Target Field, with its apparently closer fences and limited foul territory, would project to have a higher run environment than the Dome, if all things were the same. But, we have weather to deal with now.

Now, I cannot project how the infield will play, or how bouncy outfield walls are, or Gardy asking for the dirt in front of the plate packed down to resurrect the Baltimore Chop. However, I can make reasonable estimates for the fence distances and heights. And oh what fun that was.

So, how does it really compare? The field dimensions listed for Target Field: 339 feet LF, 377 LCF, 404 CF, 367 RCF, and 328 RF, do not compare well to the Metrodome’s dimensions: 343, 385, 408, 367, and 327 respectively. However, that is just five points in a 90 degree arc. Plus, the listed dimensions for the Metrodome are wrong. 343, 408, and 327 are right (probably). 385 and 367 though? Hah! I think a picture tells the story best:

Target Field versus Metrodome

Not quite the obvious hitter’s park now. Also, all graphs and measurements use the above coordinate system. That is, -45 degrees down the left field line, 0 degrees to straightaway center, and 45 degrees down the right field line.

The main reason for the confusion are the angles used for measuring LCF and RCF are not the same between the two parks. For instance, the 367 occurs at 18 degrees in the Metrodome but 24 degrees in Target Field.

Are my measurements correct though? I have no idea. Lots of careful measuring of Target Field’s seating chart, looking at the 3D seat finder, and comparing to Andrew Clem’s Metrodome diagram lead me to think that my measurements are at least close.

But wait! I have more!

From the beginning of April through May 8 and from September 26 through October, the average high is less than 68 degrees1. That is approximately the lowest temperature I have seen posted for games at the Dome. This is important because colder air is denser and thus fly balls do not travel as far. Also, since the majority of games are played at night, there should be many games with a starting temp below 68 degrees (the average low in Minneapolis tops out at 64).

Starting with a windless 70 degree day, since that is environment the Metrodome always has, we get a home run percentage like so:

Target Field versus Metrodome at 70 degrees Fahrenheit

Quick, guess what those two drops in the 0 to 20 degree area indicate! I can wait. Meanwhile, I will give you my procedure.

After mapping out the fence distances and heights, I analyze the fence at every half a degree (-45, -44.5, …). To do this, I generate a large number of potential home runs. Every direction gets the same set of trajectories. The set consists of balls with an initial velocity between 90 and 108 mph, in increments of 0.2 mph, and an angle above the horizontal between 22 and 38 degrees, in increments of 0.5 degrees, for a set size of 3003. Then I just map out the trajectories for every ball in each direction and compare them to the fence distance and height. And now that I think about it, because I ignore wind this could have been much quicker if I just stored the trajectories for each ball in the set and reused them for each direction. Oh well.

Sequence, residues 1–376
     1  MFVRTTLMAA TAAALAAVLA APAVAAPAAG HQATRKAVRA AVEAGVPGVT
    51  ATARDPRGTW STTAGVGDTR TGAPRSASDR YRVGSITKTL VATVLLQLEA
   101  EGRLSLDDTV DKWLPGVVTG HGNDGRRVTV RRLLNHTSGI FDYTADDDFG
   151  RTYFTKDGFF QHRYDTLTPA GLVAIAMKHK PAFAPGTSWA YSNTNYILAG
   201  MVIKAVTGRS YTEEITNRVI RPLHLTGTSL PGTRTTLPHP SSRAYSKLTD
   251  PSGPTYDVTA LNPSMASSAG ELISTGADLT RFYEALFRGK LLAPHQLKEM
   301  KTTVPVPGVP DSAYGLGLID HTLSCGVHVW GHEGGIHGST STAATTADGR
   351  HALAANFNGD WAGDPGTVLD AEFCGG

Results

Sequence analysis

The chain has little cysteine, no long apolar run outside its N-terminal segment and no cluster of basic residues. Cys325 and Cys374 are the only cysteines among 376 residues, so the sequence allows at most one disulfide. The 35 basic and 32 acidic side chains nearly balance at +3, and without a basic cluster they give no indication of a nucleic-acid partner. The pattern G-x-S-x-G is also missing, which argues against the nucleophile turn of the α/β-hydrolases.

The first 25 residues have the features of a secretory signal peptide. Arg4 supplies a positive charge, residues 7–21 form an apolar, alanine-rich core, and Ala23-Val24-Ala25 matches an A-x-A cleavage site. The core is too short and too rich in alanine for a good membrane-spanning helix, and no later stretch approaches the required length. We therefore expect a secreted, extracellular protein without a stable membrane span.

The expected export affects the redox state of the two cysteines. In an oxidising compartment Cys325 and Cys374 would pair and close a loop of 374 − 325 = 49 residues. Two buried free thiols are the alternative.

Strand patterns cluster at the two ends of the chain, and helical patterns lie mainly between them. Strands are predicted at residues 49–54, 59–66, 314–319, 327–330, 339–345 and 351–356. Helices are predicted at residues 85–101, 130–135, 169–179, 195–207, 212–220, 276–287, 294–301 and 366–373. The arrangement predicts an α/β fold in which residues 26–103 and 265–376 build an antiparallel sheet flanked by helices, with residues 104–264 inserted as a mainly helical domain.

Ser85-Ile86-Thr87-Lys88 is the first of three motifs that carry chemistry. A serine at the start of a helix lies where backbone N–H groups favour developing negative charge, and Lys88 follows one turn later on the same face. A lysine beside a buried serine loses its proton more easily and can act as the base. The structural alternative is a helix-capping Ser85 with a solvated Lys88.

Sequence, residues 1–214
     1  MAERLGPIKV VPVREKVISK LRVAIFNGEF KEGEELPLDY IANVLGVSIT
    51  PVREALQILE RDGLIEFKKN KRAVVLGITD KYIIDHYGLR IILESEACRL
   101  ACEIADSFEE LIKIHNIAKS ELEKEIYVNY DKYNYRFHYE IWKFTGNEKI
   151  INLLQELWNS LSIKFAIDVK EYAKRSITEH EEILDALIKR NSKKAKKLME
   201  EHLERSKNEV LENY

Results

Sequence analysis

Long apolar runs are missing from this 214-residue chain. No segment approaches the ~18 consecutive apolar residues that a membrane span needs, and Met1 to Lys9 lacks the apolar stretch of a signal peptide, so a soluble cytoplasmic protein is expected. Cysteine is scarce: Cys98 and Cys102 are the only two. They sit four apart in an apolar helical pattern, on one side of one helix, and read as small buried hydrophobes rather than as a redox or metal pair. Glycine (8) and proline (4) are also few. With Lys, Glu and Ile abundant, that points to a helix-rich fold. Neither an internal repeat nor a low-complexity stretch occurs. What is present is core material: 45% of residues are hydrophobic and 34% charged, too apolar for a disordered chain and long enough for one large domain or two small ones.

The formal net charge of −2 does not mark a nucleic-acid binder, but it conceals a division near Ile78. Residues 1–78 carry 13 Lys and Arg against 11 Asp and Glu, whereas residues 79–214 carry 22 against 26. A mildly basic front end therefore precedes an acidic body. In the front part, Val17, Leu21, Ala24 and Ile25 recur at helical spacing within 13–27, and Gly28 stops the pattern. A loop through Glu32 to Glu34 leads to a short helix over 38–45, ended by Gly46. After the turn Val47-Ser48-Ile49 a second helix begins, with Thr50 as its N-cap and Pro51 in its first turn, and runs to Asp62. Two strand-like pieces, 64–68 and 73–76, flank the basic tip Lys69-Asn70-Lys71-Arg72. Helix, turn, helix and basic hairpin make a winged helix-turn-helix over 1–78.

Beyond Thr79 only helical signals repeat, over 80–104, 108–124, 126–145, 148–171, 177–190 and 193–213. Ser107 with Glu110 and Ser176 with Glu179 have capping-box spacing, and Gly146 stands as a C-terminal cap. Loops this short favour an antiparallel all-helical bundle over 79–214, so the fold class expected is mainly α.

Anyway, back to the original question: They are caused by the wall growing to 23 feet. Right now I think I have the baggie a bit smaller than it should be, but I lack appropriate pictures to determine where it ends. Something to do for part 2.

Eyeballing it I would guess that Target Field, on a calm, 70 degree day, will have fewer home runs on average than the Metrodome. Now, there is the problem of less foul territory (hm, part 3 maybe!), meaning fewer chances at a free out and longer at bats will even the difference.

But, sadly, we cannot have six months worth of beautiful 70 degree baseball days. I know, I wish too. Here is a graphsplosion of game time potential temperatures:

Target Field versus Metrodome at 80 degrees Fahrenheit Target Field versus Metrodome at 60 degrees Fahrenheit Target Field versus Metrodome at 50 degrees Fahrenheit Target Field versus Metrodome at 40 degrees Fahrenheit Target Field versus Metrodome at 30 degrees Fahrenheit

The same caveat of the first graph applies here as well: these all assume no wind. I need something for next week after all.

This could/will be quite the pitcher’s park when it gets cold. Also, if you have an itch to watch some Rangers or Rockies-style baseball, those humid 80+ degree days could be promising.

Finally, some numbers. This is the total number of balls that I estimated would be home runs for each temperature. The total number of trajectories considered was 543,543.

TemperatureMetrodomeMetrodome Percentage Target FieldTarget Field Percentage

How do you feel about Target Field now?

1: According to All weather data from this site.

The Metrodome model was based entirely on the diagram created by Andrew Clem. The Baseball Trajectory Calculator from Alan Nathan’s page was invaluable for the drag and Magnus force equations.